# Switches? I don't need no stinkin' switches! Or do I?

I have an iron door on the first floor (to the outside) of my tower. I tried to put a switch on both sides of the door so it can be opened from the inside and the outside. My problem is that because the switch has an "On" and "Off" if I open the door from the outside I need to turn "On" the switch on the inside, go back outside and turn "Off" that switch, just to run back inside and turn "Off" the inside switch to finally get the door to close. This is a giant pain in the rear when I have mobs chasing me to the door.

Is there any way to use switches to open and close the door no matter their position? Or would it be easier to use a button and just run through the door and have it close behind me automatically?

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Buttons would certainly solve that problem, but you could also use an XOR gate between two switches which is how two-way switches work in the real world.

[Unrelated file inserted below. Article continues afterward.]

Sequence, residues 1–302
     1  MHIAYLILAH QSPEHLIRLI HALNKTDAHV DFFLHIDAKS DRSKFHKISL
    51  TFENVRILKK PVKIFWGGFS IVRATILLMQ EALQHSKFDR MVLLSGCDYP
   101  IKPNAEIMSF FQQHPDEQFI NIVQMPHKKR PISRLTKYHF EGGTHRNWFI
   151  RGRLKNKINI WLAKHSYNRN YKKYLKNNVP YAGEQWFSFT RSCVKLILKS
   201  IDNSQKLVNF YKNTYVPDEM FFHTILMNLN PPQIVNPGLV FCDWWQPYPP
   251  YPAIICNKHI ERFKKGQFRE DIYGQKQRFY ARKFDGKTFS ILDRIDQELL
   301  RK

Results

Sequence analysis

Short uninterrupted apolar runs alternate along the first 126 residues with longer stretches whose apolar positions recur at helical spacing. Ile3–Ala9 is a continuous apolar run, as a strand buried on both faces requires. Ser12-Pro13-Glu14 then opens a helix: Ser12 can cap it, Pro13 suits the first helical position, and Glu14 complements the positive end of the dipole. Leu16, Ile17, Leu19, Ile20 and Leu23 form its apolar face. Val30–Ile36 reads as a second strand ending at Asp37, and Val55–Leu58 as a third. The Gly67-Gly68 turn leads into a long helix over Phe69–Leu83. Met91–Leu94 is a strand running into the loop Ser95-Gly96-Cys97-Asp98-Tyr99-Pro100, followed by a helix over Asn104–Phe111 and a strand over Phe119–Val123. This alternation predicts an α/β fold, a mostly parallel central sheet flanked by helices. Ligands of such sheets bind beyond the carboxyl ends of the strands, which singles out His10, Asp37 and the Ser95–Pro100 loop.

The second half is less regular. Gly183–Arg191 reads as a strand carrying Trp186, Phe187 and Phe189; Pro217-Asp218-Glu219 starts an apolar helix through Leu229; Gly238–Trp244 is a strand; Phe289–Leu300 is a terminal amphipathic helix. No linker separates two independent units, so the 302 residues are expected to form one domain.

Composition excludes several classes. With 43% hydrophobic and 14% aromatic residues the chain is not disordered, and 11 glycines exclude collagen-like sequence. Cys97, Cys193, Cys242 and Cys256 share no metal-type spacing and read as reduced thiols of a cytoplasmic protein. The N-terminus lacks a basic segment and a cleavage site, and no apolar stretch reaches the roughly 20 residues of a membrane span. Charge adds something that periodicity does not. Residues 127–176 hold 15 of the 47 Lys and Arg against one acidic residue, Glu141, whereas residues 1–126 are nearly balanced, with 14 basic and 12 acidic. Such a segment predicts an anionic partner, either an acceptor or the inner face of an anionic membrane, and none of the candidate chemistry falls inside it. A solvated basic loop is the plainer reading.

### XOR Truth Table

``````  A  |  B  |   C
-----+-----+--------
0  |  0  |   0
0  |  1  |   1
1  |  0  |   1
1  |  1  |   0
``````

As you can see, if either A or B changes (either of your switches), C (the output--your door) will as well.

There are a bunch of these on the YouTubes, but here is one that operates a set of double-doors:

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Your truth table is for XNOR. – user9983 Aug 24 '11 at 15:50
That is excellent! I will use a button as a quick fix while I work on this. Thank you Nick T! – Adanion Aug 24 '11 at 16:04

Use a button. It's far easier and you won't need to worry about closing the door behind you. On my SMP server I've had problems with people leaving doors "open" so I place a button on the outside to get in, and a pressure plate on the inside to allow for easy exits.

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You can use an XOR like Nick said, or you can opt to use something called a T Flip-flop. Basically, that's a fancy way to say toggle button.

Just build one and connect a button to it, then route the output to the door. The advantages? You can connect as many buttons to one T Flip-flop as you want and they'll still always toggle the output. They're also really easy to build if you know the most compact design. You can find many designs on the wiki, or you can just go with this diagram of two compact ones: